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We ought to cultivate an understanding of God’s goodness in all things. Gideon Strauss recommends this:

I post a list of things I love every now and then, every time with a few tiny updates. Making lists of things we love is an important practice, I believe, because we learn more about ourselves from thinking about what we love than from any other kind of reflection on ourselves. Our deepest loves, our strongest commitments, our most intense concerns and cares — these are the most basic forces shaping who we are and how we live.

Gideon sees this as a way of understanding ourselves better, and a way of identifying our vocations. In another post he quotes Augustine, saying that “when there is a question as to whether a man is good, one does not ask what he believes, or what he hopes, but what he loves.” But this is also a rich way to practice seeing the sovereign hand of God — and the goodness of God — in all things. In my experience this fuels both gratitude and joy.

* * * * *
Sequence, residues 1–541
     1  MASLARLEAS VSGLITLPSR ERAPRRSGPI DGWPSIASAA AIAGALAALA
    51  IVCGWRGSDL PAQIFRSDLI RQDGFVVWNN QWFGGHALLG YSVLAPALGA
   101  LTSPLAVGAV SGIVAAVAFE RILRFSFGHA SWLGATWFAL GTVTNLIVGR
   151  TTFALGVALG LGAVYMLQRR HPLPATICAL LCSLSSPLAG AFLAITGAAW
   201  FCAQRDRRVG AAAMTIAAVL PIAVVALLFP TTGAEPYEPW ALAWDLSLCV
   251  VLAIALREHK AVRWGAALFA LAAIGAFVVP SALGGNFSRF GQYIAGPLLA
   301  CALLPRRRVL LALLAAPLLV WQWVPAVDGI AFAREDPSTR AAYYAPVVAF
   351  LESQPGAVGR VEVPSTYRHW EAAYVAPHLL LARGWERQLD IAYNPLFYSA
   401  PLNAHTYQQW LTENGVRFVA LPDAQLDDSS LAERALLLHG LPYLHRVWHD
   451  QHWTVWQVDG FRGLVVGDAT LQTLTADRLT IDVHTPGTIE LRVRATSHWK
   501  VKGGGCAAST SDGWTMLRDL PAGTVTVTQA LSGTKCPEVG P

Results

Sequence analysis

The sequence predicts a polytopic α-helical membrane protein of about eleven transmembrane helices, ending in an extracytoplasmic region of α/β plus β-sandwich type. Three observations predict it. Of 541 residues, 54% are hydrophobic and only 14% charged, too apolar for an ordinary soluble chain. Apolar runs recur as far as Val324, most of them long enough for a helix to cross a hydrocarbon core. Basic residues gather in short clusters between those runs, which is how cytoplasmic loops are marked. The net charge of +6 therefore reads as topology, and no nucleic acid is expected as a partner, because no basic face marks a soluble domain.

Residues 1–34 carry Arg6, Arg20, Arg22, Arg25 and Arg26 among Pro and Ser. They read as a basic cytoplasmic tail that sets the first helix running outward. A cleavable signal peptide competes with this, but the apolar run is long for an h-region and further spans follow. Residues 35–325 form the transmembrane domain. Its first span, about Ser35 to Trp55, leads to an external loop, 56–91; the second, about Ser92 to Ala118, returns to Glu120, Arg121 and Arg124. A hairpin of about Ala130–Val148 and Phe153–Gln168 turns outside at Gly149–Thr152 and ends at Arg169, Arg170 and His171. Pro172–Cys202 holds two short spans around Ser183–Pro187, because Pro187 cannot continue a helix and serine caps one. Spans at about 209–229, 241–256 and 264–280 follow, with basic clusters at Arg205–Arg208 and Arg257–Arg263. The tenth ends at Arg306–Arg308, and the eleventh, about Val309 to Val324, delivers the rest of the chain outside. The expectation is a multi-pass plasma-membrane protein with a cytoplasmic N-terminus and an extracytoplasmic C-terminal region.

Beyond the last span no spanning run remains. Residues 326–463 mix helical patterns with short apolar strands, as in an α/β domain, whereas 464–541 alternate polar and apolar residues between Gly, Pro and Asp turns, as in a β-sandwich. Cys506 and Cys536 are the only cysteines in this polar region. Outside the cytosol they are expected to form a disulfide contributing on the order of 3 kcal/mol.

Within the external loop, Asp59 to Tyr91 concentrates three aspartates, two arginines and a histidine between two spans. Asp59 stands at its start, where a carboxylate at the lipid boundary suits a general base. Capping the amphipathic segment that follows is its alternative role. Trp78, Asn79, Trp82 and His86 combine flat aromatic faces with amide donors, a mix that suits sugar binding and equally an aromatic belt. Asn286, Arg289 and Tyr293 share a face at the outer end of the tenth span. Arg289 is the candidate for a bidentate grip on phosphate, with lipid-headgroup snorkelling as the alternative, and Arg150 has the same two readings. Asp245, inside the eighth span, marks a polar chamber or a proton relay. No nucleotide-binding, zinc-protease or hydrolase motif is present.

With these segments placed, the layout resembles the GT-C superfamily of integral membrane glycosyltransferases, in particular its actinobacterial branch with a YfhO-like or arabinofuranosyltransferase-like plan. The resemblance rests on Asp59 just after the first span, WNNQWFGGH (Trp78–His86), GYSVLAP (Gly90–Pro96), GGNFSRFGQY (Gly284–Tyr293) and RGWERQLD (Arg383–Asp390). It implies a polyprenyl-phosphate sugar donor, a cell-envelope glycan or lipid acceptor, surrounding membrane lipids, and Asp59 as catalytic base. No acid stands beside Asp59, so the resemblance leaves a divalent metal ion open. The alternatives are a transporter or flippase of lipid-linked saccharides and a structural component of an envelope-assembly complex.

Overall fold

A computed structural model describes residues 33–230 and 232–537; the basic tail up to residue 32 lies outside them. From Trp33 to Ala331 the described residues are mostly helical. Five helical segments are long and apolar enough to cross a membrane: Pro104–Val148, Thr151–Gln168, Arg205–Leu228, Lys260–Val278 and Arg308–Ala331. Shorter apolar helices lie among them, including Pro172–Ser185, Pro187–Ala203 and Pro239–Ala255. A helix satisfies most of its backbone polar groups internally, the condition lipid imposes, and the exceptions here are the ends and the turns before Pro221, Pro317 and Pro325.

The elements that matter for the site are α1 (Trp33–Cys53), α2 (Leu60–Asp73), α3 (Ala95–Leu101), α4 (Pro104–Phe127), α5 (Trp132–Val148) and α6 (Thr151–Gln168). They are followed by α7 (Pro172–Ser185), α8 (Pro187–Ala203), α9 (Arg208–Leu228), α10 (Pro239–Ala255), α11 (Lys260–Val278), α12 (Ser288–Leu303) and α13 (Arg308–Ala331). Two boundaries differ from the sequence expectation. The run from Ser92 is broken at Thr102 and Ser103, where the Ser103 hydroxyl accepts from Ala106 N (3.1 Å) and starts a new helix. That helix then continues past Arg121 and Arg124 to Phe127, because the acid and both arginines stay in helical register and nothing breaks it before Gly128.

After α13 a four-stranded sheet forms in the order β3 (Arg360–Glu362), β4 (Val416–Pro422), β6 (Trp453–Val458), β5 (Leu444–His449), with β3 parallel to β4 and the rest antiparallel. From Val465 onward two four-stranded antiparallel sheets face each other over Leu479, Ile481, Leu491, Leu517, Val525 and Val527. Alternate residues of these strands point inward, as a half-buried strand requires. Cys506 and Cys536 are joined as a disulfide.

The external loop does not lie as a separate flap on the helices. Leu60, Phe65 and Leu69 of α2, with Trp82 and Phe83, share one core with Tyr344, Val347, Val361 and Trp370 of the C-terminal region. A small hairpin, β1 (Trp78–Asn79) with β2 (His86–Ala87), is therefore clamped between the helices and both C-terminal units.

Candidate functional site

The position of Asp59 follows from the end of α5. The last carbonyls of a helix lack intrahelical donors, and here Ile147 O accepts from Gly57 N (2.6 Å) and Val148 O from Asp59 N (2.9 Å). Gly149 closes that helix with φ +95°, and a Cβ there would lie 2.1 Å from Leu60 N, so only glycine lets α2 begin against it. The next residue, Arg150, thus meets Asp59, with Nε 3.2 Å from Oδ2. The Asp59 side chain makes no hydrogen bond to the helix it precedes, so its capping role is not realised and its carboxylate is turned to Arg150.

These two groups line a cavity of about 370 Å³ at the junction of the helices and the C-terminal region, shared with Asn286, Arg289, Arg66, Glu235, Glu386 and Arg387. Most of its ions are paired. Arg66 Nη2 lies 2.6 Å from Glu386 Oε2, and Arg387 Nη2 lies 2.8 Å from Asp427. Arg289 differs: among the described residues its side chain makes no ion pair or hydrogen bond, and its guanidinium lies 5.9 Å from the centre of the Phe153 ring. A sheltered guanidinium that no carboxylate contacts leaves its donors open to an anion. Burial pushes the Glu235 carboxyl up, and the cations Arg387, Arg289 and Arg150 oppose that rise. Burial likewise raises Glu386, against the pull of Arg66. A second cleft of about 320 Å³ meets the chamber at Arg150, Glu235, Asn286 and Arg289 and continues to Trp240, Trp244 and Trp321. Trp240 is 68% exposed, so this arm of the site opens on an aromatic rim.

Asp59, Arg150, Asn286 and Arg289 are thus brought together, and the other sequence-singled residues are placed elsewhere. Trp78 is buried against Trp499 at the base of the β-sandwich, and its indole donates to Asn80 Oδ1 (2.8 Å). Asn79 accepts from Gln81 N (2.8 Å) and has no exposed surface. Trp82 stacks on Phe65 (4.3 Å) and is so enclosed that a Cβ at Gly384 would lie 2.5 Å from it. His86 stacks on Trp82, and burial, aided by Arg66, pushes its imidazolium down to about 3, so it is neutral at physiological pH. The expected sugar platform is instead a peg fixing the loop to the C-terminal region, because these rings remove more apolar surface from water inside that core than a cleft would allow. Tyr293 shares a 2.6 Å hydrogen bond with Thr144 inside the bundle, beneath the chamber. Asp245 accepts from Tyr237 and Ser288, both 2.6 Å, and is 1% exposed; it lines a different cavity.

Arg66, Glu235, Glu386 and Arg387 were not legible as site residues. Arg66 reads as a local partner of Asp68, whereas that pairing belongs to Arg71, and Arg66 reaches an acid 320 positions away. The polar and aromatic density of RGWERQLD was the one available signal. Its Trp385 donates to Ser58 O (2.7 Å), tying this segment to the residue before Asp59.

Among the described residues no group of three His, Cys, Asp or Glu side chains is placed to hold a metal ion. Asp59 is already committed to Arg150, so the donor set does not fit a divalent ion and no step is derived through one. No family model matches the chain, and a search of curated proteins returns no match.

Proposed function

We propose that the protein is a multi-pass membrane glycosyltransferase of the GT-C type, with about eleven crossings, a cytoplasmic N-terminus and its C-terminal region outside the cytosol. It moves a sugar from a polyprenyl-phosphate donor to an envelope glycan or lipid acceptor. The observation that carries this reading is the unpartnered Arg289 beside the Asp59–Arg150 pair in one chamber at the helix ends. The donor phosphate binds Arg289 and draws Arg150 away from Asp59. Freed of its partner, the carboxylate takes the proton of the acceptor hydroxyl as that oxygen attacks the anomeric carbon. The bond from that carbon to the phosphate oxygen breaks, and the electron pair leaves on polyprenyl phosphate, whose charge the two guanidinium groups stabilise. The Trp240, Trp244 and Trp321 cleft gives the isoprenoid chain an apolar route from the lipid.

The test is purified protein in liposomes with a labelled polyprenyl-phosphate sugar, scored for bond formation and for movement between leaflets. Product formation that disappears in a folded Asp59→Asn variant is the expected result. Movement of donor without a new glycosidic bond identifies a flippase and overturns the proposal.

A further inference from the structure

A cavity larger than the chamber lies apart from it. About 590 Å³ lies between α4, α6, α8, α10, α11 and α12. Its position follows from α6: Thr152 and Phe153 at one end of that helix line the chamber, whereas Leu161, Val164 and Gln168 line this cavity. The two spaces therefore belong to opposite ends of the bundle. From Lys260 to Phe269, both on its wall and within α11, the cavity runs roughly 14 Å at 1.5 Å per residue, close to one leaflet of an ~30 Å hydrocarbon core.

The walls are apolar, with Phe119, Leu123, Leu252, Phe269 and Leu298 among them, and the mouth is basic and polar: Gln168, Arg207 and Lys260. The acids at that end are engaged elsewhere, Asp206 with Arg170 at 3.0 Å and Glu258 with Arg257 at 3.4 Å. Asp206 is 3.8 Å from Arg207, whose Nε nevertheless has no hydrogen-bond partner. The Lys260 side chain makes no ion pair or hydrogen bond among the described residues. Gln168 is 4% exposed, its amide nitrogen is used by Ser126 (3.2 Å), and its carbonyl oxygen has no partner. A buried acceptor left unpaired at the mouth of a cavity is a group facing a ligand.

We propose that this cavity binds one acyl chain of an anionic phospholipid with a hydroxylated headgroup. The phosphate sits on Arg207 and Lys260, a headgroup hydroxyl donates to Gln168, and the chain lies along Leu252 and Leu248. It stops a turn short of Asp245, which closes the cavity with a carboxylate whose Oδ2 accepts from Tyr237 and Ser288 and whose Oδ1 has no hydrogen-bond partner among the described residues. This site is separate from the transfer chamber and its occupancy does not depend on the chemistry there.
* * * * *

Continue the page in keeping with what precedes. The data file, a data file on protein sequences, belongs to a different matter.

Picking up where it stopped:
What do you love, from great to small? Don’t feel compelled to over-spiritualize — we know that lightning, chocolate, traffic jams, Bach, the musty smell of wet fall leaves, the quiet beauty of a lit Christmas tree in a dark room, and orthodontic retainers are all gifts from God. My wife and I have found this to be one of our favorite date-night questions; you can easily fill an entire evening answering it.